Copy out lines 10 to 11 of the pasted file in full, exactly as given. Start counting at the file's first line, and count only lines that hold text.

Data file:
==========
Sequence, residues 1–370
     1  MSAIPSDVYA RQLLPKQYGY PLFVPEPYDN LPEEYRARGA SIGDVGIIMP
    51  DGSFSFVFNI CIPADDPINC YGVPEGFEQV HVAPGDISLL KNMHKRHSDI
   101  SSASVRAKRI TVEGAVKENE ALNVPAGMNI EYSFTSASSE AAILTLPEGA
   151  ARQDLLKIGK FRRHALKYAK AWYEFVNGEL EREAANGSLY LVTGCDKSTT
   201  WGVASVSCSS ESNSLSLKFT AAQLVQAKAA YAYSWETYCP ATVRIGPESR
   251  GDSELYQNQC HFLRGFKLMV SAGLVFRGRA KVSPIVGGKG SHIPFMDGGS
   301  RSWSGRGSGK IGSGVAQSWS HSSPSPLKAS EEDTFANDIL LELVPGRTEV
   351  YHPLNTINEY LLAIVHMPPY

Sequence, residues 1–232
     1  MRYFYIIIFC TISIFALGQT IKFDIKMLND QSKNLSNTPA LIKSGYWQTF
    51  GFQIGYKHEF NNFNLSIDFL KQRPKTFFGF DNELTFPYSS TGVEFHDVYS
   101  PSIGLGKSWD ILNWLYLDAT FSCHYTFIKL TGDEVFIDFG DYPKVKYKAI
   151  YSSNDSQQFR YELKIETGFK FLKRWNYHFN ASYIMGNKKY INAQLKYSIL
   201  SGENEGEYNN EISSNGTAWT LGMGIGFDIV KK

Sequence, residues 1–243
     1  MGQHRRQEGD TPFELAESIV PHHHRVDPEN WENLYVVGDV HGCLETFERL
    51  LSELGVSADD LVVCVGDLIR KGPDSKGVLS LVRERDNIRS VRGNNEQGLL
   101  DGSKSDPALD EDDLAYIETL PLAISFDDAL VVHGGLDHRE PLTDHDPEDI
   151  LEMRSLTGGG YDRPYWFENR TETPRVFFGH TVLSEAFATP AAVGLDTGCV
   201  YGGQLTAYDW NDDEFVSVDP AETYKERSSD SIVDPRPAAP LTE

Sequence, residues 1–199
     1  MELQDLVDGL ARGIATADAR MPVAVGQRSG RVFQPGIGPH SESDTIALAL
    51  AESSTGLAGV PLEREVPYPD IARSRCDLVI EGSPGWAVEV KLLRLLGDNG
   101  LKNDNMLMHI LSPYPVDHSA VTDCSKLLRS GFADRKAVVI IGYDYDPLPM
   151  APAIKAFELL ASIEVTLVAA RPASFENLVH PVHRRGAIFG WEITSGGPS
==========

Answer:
Sequence, residues 1–232
     1  MRYFYIIIFC TISIFALGQT IKFDIKMLND QSKNLSNTPA LIKSGYWQTF